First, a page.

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Abstract only
Margaret Brazier and Emma Cave

treatment, and another be given the experimental and hopefully more effective treatment; or (b) one group will be given a new drug, and the other a placebo. 126 For an outsider there are a number of worrying features to RCTs. First, there is again the question of consent. Second, there is concern that the control group is denied a chance of superior treatment. 127 In particular, public anxiety was highlighted by a trial involving 3,000 women at risk of conceiving a spina bifida baby. Studies had shown that similar women appeared to suffer a reduced incidence of

in Medicine, patients and the law (sixth edition)
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Peter John, Sarah Cotterill, Alice Moseley, Liz Richardson, Graham Smith, Gerry Stoker, and Corinne Wales

behaviour. The other half of the volunteers were allocated to a comparison group who were sent an information pack on opportunities for citizen participation in the neighbourhood. The information pack contained information that was already publicly available and marketed to residents, and, as such, was similar to a placebo treatment. There were two waves of the experiment. In the first, existing opportunities to participate were unchanged; what was new was the proactive approach by the contact centre, combined with a local neighbourhood officer, providing

in Nudge, nudge, think, think (second edition)
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Peter John, Sarah Cotterill, Alice Moseley, Liz Richardson, Graham Smith, Gerry Stoker, and Corinne Wales

students in a UK university to take part in the experiment and they were randomly assigned to receive one of three treatments: a four-page information booklet using techniques from behavioural economics to encourage registration; the information booklet followed by a 15-minute group discussion on topical organ donation issues; an information booklet about swine flu (placebo control). The information nudge consisted of a four-page tailored information booklet using persuasion techniques based on behavioural economics

in Nudge, nudge, think, think (second edition)
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Derrida's recreational pharmacology and the rhetoric of drugs
Dave Boothroyd

simple reversal of the relationship between the law on drugs and a rectification of the substance/effect dichotomy, which according to Szasz is simply perceived the wrong way around: We are repelled by the opium habit (for example) not because it is harmful, but the other way around: we regard it as harmful in order to maintain our justification for prohibiting it. (Szasz, 1974: 34) 44 Culture on drugs For Derrida this would constitute a kind of double-blind argument: it is a pharmakon whose effect is distorted by a placebo factor. In other words, with this simple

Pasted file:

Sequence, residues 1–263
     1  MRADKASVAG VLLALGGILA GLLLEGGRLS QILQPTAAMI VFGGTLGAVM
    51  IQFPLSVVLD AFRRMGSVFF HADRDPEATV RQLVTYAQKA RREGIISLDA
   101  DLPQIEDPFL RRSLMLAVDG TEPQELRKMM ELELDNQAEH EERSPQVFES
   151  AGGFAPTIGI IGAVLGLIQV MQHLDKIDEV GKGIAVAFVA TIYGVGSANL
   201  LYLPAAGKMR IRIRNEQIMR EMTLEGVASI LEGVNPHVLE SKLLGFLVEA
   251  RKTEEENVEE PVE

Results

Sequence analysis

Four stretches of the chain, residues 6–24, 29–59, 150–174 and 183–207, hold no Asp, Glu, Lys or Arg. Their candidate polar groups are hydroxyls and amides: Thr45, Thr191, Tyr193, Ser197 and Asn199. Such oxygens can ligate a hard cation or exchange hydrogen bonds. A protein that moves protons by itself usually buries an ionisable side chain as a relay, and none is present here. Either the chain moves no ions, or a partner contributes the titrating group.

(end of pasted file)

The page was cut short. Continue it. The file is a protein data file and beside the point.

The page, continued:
in Culture on drugs
Dave Boothroyd

of the ‘mental excess’ he has to struggle with, he inevitably gets little written down whilst he is high on drugs (Michaux, 1974: 46). What he learns is that in order to write per se, he must be a writer of the border. This, too, is a kind of ordeal, one which anyone writing on drugs today must face: such a writer must reject the seductions of both trippedout mysticism and instrumental reason, evade the police, hide from the psychiatrists, risk being sold poison or placebos and negotiate all other forces of control which strive to determine the meaning of ‘drugs

in Culture on drugs
Rob Boddice

practice equates to authoritative recognition and corroboration of a medical problem: emotive success. In and of itself this was doubtless a form of relief. It has become newly important in such figures of pathology and cure, therefore, to make a serious commitment to exploring how far remedies actually worked. In what Javier Moscoso has called the ‘moral economy of hope’, historians of experience and cultural historians of medicine take seriously contemporary research into the placebo effect and ask how historical iterations of this might have been brought

in The history of emotions
Abstract only
Rob Boddice

as agents integral to scientific practice : the principles of observation, experiment, and theory, and reciprocally, the practices of the self’. 15 And of course, those practices are overlaid with evaluative judgments that bespeak normativity, or the category of the ‘moral’, broadly conceived. Javier Moscoso, when talking about the complex pre-history of placebo and the virtues of treatments that were bound both to medical authority, personality and cultural values, framed the discussion by the ‘moral economy of hope’. 16 Doubtless, Daston was the

in The history of emotions